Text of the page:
How much does an iron lung cost? ›

In 1939, the National Foundation for Infantile Paralysis began mass distribution of iron lungs, which cost about $1,500 each—then the average price of a home.

How does iron lung end? ›

After reaching the final point, as the convict attempts to reach the camera controls, the monstrous sea creature breaches the submarine, sending the game back to the title screen.

Do people ever leave the iron lung? ›

Sixty-eight years later, an iron lung is still keeping Lillard alive — she sleeps in it every night. While many people who had polio or post-polio syndrome either weaned themselves off the machines or switched to another form of ventilator, Lillard never did.

Why aren t iron lungs used anymore? ›

Is it still used today? Once an effective polio vaccine was developed in the 1950s, the incidents of polio infection fell dramatically and only a very few machines were needed in hospitals. But for patients dependent on them to breathe, the old iron lungs were gradually replaced with modern ventilators.

How does iron lung game end? ›

After reaching the final point, as the convict attempts to reach the camera controls, the monstrous sea creature breaches the submarine, sending the game back to the title screen.

Why did people get an iron lung? ›

What is an Iron Lung? No device is more associated with polio than the tank respirator, better known as the iron lung. Physicians who treated people in the acute, early stage of polio saw that many patients were unable to breathe when the virus's action paralyzed muscle groups in the chest.

Do people still get polio? ›

Thanks to a successful vaccination program, most people in the United States are protected from polio. However, people who are not vaccinated or who haven't received all recommended doses may be at risk of getting polio. The disease still occurs in other parts of the world.

Does polio still exist? ›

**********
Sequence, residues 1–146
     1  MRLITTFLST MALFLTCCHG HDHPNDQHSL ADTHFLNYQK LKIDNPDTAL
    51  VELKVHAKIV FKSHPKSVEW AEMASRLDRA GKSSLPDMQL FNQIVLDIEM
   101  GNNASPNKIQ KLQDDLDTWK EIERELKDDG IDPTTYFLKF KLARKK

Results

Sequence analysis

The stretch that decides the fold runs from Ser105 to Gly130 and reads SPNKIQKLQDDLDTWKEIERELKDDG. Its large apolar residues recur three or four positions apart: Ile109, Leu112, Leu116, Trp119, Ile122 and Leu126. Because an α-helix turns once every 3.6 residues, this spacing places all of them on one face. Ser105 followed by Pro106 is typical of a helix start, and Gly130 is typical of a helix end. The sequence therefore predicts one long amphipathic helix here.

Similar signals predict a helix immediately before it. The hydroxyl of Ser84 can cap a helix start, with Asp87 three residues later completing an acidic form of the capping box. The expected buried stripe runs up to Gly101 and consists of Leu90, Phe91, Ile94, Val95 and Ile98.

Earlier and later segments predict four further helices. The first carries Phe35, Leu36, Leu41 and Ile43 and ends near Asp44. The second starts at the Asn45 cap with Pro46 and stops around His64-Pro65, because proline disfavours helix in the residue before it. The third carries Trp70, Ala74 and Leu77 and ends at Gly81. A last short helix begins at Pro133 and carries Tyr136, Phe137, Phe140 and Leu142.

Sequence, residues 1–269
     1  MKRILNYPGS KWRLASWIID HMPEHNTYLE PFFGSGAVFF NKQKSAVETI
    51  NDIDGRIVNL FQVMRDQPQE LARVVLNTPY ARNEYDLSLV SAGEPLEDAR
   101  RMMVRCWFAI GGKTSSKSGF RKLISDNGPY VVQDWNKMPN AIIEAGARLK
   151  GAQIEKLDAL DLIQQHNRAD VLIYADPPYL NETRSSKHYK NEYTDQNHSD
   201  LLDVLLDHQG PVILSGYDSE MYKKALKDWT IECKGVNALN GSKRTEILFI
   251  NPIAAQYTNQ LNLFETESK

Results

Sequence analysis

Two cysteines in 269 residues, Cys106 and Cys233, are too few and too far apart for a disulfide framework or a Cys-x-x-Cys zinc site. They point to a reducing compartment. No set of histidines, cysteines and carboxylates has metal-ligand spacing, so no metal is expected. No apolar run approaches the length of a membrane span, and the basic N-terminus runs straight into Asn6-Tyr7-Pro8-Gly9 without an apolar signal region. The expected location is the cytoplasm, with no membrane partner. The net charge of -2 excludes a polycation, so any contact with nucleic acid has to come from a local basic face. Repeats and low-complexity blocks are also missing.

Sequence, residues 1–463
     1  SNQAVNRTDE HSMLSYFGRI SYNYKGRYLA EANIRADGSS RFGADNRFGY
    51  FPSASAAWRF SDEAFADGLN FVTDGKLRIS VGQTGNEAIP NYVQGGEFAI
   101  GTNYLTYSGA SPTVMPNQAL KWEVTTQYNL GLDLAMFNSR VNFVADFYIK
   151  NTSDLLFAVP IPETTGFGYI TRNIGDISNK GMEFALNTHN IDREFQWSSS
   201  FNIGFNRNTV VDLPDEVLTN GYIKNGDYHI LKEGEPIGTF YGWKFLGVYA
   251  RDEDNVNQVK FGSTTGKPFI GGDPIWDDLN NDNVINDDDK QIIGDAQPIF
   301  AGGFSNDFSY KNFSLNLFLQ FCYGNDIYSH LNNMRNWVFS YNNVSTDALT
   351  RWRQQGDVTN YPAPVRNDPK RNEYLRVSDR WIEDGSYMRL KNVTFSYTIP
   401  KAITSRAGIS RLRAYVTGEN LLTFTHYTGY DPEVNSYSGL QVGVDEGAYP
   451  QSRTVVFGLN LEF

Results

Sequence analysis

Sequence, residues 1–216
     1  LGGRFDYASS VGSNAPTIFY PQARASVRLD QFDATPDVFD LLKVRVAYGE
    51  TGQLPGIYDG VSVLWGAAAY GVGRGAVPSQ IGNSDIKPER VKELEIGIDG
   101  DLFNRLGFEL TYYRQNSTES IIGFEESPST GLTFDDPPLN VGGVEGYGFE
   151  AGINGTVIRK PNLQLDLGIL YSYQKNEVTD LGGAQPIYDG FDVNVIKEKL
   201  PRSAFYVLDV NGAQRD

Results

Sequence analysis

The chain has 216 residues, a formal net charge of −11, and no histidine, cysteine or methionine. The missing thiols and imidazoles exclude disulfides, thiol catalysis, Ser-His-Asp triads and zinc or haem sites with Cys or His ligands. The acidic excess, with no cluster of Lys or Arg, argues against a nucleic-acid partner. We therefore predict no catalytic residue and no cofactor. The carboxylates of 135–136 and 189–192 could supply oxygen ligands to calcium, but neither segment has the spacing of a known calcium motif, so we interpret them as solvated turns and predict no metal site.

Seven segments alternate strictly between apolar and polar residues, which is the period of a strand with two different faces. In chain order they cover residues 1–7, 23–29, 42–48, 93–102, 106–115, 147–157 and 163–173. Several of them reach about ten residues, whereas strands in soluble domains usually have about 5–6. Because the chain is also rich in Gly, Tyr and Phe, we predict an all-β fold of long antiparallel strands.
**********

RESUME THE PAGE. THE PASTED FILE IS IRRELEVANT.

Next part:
Only two polio-endemic countries (nations that have never interrupted the transmission of wild poliovirus) remain—Afghanistan and Pakistan. Without our polio eradication efforts, more than 20 million people who are currently healthy would have been paralyzed by the virus.

Which singer had polio? ›

Singer-songwriter Neil Young contracted polio during an epidemic in the summer of 1951.

What famous person died from polio? ›

Franklin Delano Roosevelt (FDR)

He died 10 years to the day before the first polio vaccine was licensed in the U.S. The irony was that Roosevelt was a tireless advocate of the polio vaccine program, starting a program known as the National Foundation for Infantile Paralysis, which later became the March of Dimes.

What famous Americans have polio? ›

Franklin D. Roosevelt was the 32nd President of the United States. Not only did he serve an unprecedented four terms in office, but he was also the first president with a significant physical disability. FDR was diagnosed with infantile paralysis, better known as polio, in 1921, at the age of 39.

What was the monster in Iron Lung? ›

The Frog is the main antagonist of the 2022 indie horror game Iron Lung. It lives within the bloody ocean of a moon and will stalk the player submarine throughout the playthrough.

Does oxygen run out in iron lung game? ›

On social media, many have compared the situation to the 2022 indie horror game Iron Lung, in which players control a lone submariner who has to navigate an alien ocean and photograph key locations before the craft succumbs to pressure or its oxygen runs out.

Does Iron Lung have monsters? ›

The Monster is the main antagonist of Iron Lung. It lives in the blood ocean of the moon AT-5, and hunts down the player throughout the game.